MR. ZULACK: I'm not saying only, but it's something we never really talk about, you know.
PROF. PISTOR: It's an important factor.
MR. ZULACK: We talk about Reagan taking down the Soviet Union. How much nonsense is that? It has absolutely nothing to do with the crumbling, which had to do with demographic and political and other factors.
PROF. BURBANK: I would like to suggest, though, that there's no way that we could argue that the 1991 collapse has to do with a kind of welling up of discontent from below, a kind of revolutionary model. Those political scientists, who predicted that the USSR would come apart on national grounds, ethnic grounds, and so on, were wrong. It didn't happen that way. There were incidents. But it was not a welling-up and a huge popular rebellion; otherwise you would have had enormous civil war, which is actually what intellectuals feared.
Elite desires and the inadequacy of this particular system for a style of life for elites scattered throughout the system, I think, are profoundly important for 1991. We've talked a bit today about a divide between popular uses of the law, or popular attitudes, low-level participatory justice, and this question of how elites regard the law, the economy, and so on. I think elite desires and elite familiarity with Western lifestyles, ways of doing things — and including Western vocabulary — such as human rights and so on, all those factors are extremely important for why the system, so to speak, broke down.
PROF. WORTMAN: As a footnote to this: I don't know if any of you saw Paul McCartney's concert on Red Square, where the Russian population — well, there was an introduction of some young man who said, “The Beatles brought down the Soviet Union.” And then I went to Russia, and being a scholar, of course, I pooh-poohed this and said, “They even said the Beatles brought down the Soviet Union.” My Russian friends who had been there said, “That's right! They did!” So the cultural influences that were percolating in were enormous. If there's one thing that I think brought down the Soviet Union, it's the Afghan war. Anyone who goes into Afghanistan suffers defeat. I think we should take a lesson from that.
PROF. NELSON: I want to make a pitch for demography in the United States. Religious variation has been an important support for local power from the seventeenth century on. The British government in New Hampshire in the 1680s really tries to put the Puritan Congregational Church out of existence. New Hampshire is a very small colony. It is arguably feasible that one can re-Anglicanize them. The crown, Charles II, after all — the Puritans had chopped off his father's head. So it's understandable that he would like to get rid of Puritans. He didn't start in Massachusetts first, where there are a lot of them. He starts in New Hampshire. But that reverberates for the next eighty years in Massachusetts history. A lot of the insistence of the people of Massachusetts on preserving these local forms of control is a fear that if they don't do it, their religion is going to be undermined by the imperial government back in London, and religion matters to them.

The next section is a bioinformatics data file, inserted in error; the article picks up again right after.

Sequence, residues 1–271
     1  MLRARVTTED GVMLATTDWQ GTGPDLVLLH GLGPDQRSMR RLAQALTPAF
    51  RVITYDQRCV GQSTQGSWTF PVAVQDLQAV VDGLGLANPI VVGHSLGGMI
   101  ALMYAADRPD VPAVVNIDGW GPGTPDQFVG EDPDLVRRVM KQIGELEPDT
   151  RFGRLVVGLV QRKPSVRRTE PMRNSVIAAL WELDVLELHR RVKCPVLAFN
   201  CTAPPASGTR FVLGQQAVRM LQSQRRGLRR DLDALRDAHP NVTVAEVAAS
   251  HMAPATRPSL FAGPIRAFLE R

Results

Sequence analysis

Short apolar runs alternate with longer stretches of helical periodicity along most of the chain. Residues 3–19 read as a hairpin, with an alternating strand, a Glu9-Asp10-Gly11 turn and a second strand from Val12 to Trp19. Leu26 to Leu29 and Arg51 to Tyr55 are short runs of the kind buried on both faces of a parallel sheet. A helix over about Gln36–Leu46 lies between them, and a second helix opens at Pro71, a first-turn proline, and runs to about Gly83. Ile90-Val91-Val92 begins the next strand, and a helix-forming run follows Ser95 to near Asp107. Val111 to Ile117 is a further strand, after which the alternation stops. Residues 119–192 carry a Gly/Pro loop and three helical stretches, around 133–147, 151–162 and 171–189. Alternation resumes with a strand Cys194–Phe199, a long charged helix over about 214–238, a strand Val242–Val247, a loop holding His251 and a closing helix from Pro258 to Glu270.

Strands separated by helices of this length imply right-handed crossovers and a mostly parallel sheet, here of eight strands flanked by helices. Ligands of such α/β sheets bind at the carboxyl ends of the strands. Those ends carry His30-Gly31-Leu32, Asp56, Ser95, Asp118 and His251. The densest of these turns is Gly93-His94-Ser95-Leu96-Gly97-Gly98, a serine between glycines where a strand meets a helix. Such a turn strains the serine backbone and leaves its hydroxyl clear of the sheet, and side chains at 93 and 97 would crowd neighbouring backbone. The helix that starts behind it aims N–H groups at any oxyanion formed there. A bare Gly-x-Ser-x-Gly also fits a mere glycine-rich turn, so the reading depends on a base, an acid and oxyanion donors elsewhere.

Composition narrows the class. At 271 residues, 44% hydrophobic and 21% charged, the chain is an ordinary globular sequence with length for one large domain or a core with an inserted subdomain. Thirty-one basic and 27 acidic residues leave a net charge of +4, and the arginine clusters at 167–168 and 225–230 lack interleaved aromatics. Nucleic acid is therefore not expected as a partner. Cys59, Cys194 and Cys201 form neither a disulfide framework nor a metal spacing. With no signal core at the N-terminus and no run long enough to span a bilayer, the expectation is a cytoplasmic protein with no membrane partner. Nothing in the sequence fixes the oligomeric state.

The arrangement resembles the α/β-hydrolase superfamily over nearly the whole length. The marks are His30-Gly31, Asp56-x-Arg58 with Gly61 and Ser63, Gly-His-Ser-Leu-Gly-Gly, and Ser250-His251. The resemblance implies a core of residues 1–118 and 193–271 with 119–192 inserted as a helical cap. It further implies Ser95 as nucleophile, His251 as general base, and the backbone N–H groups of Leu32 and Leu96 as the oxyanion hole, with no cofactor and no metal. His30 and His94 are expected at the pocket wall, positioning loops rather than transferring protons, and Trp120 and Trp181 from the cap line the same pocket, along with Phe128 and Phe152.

Early nineteenth century in America is this explosion of Protestant evangelical religion — the emergence of sect after sect after sect, all of which insist on the importance of independence as the way to heaven. As a practical matter, nobody has the resources or is willing to expend the resources to put these folks out of existence. So what do you do with Mormons? You ship them out to Utah, you let them go to Utah. What do you do with Shakers? You let them form their own little communities and die out.
Then, the other place of enormous religious diversity is New York City in the early twentieth century. There are a lot of people who are deeply anti-Catholic and deeply anti-Semitic, but the fact is that these people are here; these people get educated; these people have skills as a result. And in the long run they vbecome a part of the system, but always a part of the system with a deep commitment to not letting the state interfere too much with their religious beliefs. Religion and religious diversity, and the insistence of religious people — who remain probably more numerous in this country than anywhere else — on not letting government interfere too much has been an important force for preserving local power and restricting central bureaucracies.
There's a woman at Penn — Sally Gordon — doing a fascinating book now on religion in the late twentieth century. She's got one wonderful chapter on prison authorities and the Nation of Islam. Even in prison, where you've got enormous coercive control over people, it turns out that the prison authorities just could not control the black Muslims. It's easier to let the Nation of Islam have some religious freedom in jail, rather than to try to control them.
MR. ROTHSTEIN: Thank you very much, everybody, for coming.